Wrongful Death Case
About 30,000 passenger car occupants die in traffic accidents each year. That is an average of more than 576 deaths each week.
Car occupants who die because another driver was negligent have suffered a wrongful death. The law permits certain family members or the victim’s estate to seek wrongful death compensation.
The time for bringing a wrongful death lawsuit is governed by a strict law known as a statute of limitations. Family members lose the right to recover compensation when they fail to settle a wrongful death claim or to file a wrongful death lawsuit before the deadline expires.
Time Limit to File a Wrongful Death Case After a Car Accident
The time limit imposed by a statute of limitations is called the “limitations period.” Each state sets limitations periods for different kinds of legal claims.
When a negligent driver causes a death in a car accident, there is a limitations period for suing the at-fault driver. There are, however, some circumstances that could reduce or extend the time for filing a wrongful death lawsuit.
Time Limits to File Wrongful Death Cases Against the Government After a Car Accident
When the driver responsible for a death was working for a county government — such as a county tax assessor or a public works employee who is on duty while driving — the limitations period is generally only one year.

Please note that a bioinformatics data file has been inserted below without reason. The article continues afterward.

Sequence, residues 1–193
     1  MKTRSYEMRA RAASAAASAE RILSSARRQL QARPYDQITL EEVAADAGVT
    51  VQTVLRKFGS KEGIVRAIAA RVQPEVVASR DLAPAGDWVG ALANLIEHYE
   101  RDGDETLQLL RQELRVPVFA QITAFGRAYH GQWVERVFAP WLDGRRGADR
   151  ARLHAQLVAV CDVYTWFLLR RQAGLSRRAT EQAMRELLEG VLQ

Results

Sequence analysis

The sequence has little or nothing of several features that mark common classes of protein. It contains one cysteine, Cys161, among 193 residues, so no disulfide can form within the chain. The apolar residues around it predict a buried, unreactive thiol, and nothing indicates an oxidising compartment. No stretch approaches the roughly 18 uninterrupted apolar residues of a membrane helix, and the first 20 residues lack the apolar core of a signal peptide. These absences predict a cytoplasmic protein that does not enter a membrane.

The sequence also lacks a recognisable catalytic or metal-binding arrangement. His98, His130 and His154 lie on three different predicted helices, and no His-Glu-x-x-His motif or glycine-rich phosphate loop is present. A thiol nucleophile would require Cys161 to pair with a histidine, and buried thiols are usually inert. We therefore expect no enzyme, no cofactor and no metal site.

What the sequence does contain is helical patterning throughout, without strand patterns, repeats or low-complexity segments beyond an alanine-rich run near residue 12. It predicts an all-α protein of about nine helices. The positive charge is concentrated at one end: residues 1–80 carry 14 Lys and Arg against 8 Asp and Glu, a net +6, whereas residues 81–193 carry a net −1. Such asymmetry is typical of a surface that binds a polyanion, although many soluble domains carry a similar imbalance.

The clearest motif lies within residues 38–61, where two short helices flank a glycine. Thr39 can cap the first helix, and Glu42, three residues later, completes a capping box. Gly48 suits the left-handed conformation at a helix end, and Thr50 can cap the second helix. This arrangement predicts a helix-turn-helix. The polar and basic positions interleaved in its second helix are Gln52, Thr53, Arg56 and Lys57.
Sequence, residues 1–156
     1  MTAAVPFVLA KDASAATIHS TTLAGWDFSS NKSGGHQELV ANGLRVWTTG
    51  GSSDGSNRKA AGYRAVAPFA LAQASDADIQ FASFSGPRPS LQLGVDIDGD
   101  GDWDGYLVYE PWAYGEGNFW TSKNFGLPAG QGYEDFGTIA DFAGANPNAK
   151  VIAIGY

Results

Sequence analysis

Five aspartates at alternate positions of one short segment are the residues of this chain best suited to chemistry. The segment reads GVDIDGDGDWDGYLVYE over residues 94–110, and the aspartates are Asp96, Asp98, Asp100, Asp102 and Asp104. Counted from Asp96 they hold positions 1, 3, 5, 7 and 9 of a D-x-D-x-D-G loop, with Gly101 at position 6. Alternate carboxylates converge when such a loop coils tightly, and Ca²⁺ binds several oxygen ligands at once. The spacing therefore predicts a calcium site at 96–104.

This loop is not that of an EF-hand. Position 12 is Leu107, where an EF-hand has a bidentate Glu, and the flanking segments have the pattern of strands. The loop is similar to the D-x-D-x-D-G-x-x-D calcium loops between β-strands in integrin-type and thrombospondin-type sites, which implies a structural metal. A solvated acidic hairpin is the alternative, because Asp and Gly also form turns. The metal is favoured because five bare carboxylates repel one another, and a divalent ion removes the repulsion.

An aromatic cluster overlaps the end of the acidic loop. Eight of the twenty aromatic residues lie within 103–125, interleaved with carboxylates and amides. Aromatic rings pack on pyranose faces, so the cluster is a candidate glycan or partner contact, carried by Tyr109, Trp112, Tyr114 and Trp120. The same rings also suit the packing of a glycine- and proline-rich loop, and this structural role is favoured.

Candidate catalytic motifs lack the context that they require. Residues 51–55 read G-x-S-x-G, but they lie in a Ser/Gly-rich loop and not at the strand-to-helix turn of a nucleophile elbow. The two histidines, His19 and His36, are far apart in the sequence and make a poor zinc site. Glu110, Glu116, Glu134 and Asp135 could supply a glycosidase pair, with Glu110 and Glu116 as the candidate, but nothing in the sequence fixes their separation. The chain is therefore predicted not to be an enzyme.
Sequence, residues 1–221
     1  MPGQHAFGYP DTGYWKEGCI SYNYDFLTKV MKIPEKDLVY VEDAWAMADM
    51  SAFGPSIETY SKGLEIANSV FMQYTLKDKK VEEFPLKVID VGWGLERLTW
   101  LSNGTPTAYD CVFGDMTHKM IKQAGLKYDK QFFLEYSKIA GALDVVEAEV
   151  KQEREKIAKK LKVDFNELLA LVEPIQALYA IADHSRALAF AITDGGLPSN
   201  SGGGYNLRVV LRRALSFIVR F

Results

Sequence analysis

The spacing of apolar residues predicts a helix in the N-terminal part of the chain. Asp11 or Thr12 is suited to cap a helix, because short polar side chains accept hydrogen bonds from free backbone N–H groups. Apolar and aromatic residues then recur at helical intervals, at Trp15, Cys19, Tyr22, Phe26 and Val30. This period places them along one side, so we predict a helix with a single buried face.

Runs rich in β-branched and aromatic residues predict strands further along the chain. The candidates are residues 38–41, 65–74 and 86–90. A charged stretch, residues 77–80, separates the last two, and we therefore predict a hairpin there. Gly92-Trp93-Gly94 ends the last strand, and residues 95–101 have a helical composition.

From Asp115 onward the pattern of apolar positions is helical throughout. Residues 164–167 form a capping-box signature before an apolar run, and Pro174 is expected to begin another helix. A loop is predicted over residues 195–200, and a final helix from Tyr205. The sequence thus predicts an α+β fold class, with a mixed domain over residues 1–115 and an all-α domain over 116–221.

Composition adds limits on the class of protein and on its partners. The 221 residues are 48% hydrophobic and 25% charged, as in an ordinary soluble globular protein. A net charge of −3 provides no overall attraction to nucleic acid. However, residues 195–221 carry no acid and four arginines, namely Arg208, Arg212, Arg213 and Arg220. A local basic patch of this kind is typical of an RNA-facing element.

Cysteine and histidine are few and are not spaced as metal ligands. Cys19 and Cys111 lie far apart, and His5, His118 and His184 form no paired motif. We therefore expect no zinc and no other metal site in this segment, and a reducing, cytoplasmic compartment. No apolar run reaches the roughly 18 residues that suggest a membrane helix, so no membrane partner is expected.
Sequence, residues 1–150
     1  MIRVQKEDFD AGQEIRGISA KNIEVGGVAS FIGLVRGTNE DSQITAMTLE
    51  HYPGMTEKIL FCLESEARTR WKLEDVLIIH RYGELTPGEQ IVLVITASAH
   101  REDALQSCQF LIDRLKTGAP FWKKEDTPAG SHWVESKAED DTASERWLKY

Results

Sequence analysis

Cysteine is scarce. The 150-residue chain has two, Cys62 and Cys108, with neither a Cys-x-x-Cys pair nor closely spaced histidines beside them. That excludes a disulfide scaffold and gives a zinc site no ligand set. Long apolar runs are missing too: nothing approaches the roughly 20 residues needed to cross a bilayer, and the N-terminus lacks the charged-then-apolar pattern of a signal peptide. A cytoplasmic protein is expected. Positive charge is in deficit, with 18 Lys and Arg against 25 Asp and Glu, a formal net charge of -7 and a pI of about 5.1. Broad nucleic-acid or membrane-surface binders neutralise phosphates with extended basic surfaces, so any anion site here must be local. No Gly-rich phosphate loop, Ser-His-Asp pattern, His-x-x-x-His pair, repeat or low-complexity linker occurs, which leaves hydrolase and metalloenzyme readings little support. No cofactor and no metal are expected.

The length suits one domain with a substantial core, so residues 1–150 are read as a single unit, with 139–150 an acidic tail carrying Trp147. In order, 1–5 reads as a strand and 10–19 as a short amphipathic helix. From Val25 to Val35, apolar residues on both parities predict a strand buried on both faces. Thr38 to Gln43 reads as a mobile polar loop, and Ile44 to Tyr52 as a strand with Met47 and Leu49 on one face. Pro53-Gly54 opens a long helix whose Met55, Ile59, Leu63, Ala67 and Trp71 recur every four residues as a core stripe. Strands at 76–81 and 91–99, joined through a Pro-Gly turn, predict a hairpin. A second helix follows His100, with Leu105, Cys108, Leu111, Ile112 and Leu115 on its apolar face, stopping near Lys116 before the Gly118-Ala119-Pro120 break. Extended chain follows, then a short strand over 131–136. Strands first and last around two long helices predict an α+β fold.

Apart from the statute of limitations, the law requires the person making a wrongful death claim to give notice of that claim to the government. The notice must be filed within one year if the death was caused by a state or county employee. A notice must be filed within six months if the death was caused by a municipal employee.
The contents of the notice are defined by law and are strictly enforced. Family members should seek prompt legal advice after a car accident victim dies to assure that their rights are protected.
Tolling the Time Limit for Filing a Wrongful Death Case After a Car Accident
Certain circumstances toll the limitations period for filing a wrongful death lawsuit. When the limitations period is tolled, it pauses — the clock stops running — until the circumstances that cause the tolling no longer exist.
The limitations period for a wrongful death lawsuit is tolled if the death “arises out of the facts and circumstances relating to the commission of” a crime. In other words, if a criminal act caused or contributed to the death, the limitations period does not immediately start to run.
Common traffic crimes that cause or contribute to a wrongful death include speeding and failing to obey traffic lights or stop signs. Driving while holding a cellphone and driving under the influence of alcohol are other traffic crimes that can have deadly consequences.
When a driver is charged with a crime that causes a death, the limitations period begins to run after the prosecution is resolved, whether by conviction or dismissal. However, the tolling period cannot exceed six years, so a lawsuit must usually be filed within two years after the charge is resolved or within eight years after the death, whichever is shorter.
When the driver commits but is not charged with, a crime that causes a death, the limitations period is tolled for six years. The family of the deceased victim will, therefore, have eight years after the death in which to file a lawsuit.
Determining whether a tolling statute applies can be complicated. A car accident lawyer can help families understand the deadline that applies in their case.
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